B y: Konstantin Dranch
With barely over a hundred delegates, the European Language Industry Association events are sometimes overshadowed by more crowded gatherings. But size isn’t everything, indeed, one quickly realizes at ELIA ND. There is great value in the intense and motivating communication that only a smaller group can offer.
Unlike most conferences, these Networking Days allow enough time to meet each and every participant. As simple as that. You can have a meaningful conversation with all the good people without fear of missing something important elsewhere.
A few years back I had an unpleasant experience of feeling hopelessly lost at an 8000-participant IT event in Moscow. Upon returning home I couldn’t link half of the 200 gathered visit cards to their owners. That is not what happens at ELIA events.
The organizers utilized the compact size of ND Madrid to the max. The warm atmosphere of a highly-educated but not-spoilt-by-too-much money industry gathering was amplified by the fact that most participants have known each other for several years. Newcomers were served to the community along with wine and snacks at a vinoteka pre-party night.
It was easy to get the veterans to talk. The circumstances were favorable. Among the particpants, there were almost no competitors, since few companies shared geography or principal language pairs. Safe from the risk of helping rival firms, and bolstered by flamboyant taste of Madrid beverages, CEOs talked free and provided direct answers to some of more sensitive questions. They had come to Madrid to learn how to manage their agency more efficiently and were prepared to exchange information. In Russia, we call it “kitchen talk”, in tribute to the times when truthful opinions could only be expressed at home.
Content from inside the industry
The presentations planned for the next day took place in the halls of a beautiful 1926 building, Circulo de Bellas Artes. The program focused on best practices for small and medium-sized businesses, in which many crucial processes are still controlled by the CEO.
Thor Angelo from LanguageWire presented his agency’s TMS AGITO and process optimization philosophy, which, as he claimed, allowed the company to reach unprecedented effectiveness: 100k euro per month per project manager. Another achievement: a fast 30-mins translation service with fixed rates, which distributes tasks via an instant messenger, and comprises a translation memory-connected web interface for freelancers.
Danilo Monaco from AAC Global described a rating-based vendor management system, which keeps subcontractors in check by constantly updating their scores. To avoid losing volume, vendor reps have to keep track of the rating and, subsequently, aac’s demands.
Electronic Arts VP, Jaime Giné, provided very impressive data on localization expenses. For 54.1 mln words in writing, 8 mln in recorded speech and a quarter million hours of testing, EA paid $40 mln in 2011 financial year. In a case study of Russian localization, Jaime Giné shocked the audience even more: after localization, most products grew 140-900% in sales. However, Electronic Arts maintains a policy of localizing only major titles: the profits from doing national versions of smaller games would be too negligible, while the risk of bogging down in a swamp of projects too high.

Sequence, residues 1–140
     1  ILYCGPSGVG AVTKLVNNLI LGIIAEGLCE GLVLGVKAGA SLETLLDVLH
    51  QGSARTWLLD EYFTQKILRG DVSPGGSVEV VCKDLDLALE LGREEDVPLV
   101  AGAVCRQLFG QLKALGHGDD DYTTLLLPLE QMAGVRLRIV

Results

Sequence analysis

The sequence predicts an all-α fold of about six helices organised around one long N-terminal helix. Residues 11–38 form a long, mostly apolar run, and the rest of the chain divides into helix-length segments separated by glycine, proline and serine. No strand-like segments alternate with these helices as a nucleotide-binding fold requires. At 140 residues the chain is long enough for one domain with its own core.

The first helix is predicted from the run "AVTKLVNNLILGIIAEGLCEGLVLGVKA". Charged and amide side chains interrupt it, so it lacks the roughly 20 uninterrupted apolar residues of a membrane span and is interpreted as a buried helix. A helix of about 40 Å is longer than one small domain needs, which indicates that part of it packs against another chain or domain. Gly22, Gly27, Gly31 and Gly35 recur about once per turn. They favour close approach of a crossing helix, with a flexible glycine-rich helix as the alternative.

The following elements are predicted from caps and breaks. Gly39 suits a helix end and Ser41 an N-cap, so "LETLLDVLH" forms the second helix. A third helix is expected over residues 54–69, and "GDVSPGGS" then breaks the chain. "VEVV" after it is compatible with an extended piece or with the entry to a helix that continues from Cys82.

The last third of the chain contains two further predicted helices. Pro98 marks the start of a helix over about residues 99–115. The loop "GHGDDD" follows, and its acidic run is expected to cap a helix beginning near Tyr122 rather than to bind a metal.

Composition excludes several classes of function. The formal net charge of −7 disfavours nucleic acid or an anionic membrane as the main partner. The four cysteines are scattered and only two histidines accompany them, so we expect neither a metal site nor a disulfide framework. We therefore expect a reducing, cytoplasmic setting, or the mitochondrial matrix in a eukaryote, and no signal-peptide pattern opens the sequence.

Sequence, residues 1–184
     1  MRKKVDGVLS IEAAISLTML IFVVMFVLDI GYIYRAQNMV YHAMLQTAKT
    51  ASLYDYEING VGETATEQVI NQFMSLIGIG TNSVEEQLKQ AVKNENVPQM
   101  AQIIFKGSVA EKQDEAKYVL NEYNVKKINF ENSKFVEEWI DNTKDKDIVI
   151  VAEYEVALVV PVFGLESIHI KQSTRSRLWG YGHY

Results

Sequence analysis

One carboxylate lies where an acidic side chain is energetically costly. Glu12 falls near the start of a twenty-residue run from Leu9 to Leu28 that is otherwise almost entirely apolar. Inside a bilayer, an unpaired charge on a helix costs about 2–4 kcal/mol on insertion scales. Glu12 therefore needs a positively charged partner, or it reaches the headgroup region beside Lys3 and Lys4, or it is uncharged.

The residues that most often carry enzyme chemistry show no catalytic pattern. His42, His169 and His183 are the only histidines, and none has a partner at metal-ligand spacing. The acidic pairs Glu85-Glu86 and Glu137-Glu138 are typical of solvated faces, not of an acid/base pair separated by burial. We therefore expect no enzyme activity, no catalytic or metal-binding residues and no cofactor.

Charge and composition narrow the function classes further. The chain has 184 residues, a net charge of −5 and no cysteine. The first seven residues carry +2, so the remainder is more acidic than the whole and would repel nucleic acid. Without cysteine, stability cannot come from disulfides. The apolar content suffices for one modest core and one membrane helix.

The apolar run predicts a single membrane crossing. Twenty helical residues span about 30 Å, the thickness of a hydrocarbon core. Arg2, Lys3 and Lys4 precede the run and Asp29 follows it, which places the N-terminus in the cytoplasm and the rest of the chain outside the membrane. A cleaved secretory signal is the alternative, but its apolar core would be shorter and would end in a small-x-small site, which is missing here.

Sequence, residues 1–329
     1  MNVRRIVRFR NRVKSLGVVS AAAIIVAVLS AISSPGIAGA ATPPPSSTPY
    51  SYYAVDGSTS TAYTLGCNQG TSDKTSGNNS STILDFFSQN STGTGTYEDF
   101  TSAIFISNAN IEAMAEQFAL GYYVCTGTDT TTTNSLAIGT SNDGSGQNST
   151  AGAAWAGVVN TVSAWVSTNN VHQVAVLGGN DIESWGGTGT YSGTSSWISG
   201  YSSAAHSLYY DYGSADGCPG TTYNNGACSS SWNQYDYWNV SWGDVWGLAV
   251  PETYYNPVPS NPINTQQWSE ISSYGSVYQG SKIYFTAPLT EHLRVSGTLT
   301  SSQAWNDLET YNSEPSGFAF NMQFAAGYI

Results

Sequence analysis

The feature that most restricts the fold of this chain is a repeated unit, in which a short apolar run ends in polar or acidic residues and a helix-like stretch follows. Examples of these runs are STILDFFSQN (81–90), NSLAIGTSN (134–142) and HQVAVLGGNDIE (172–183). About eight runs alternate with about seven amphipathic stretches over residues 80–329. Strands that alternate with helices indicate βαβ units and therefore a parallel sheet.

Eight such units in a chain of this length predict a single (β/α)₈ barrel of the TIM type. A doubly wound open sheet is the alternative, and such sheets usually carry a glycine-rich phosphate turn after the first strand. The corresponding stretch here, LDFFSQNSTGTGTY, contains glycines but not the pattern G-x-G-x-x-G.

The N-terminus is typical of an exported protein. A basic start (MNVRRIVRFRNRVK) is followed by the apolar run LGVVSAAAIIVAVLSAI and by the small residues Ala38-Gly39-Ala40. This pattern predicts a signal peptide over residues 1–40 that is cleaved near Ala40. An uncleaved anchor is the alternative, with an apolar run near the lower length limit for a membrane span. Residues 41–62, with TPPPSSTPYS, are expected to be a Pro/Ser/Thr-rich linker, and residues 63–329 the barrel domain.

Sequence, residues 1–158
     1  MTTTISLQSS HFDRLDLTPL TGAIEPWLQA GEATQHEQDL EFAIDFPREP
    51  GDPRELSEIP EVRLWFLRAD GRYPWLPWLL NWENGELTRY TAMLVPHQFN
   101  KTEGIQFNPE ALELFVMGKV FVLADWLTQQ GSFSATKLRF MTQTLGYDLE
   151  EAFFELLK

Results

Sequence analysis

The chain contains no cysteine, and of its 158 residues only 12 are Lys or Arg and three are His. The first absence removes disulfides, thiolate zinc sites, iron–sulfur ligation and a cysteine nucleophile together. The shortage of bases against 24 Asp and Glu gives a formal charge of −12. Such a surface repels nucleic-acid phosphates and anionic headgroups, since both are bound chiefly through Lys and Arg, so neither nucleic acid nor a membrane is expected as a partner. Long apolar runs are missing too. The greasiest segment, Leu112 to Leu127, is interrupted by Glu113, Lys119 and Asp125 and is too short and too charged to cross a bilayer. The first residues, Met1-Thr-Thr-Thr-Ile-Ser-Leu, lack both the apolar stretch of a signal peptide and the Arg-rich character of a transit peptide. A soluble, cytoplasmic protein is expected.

Roy Allkin from Wolfestone shared his press-rations expertise. By communicating with journalists regularly, publishing whitepapers and attending government events, he managed to maintain a very positive public profile, and gain some contracts as well. His female business partner even met a member of English royal family – the encounter was mentioned 12 times by the local press.
Olga Fomenko from InText conducted an emotional presentation on motivation. A set of psychological exercises and an opinion exchange platform within the agency helps to keep employees at peak capacity, preventing burnout at the same time. As the post-presentation discussion turned on the topic of managing women in translation, Olga’s debut public speaking session turned out to be a success.
Apart from LSP-created content, there was a range of sponsored presentations by tech vendors, the usual suspects including Plunet, XTRF, Kilgray, Atril, SDL. Gold sponsorship was awarded to Lucy software.
Apart from the presentations, the obvious purpose of the gathering was vendor management. European agencies exchanged contacts to find reliable partners for non-priority language pairs. In cases when it is hard to gauge the professionalism of an internet-found freelancer, LSPs still prefer to work with other agencies. That is safer from the quality point of view.
According to Semen Anisimov from the Russian agency Databridge, 2/3rds of the participants do outsource some work, sooner or later. And AKM Translations’s co-owner Andrei Pokas said that his company received some offers within a week after ND Madrid. But, as ELIA veterans explain, more often such exchanges take some time, and bring significant business only after some years of successful networking.
Don’t expect to conquer the community by a single hack-and-slash visit. This really is a club.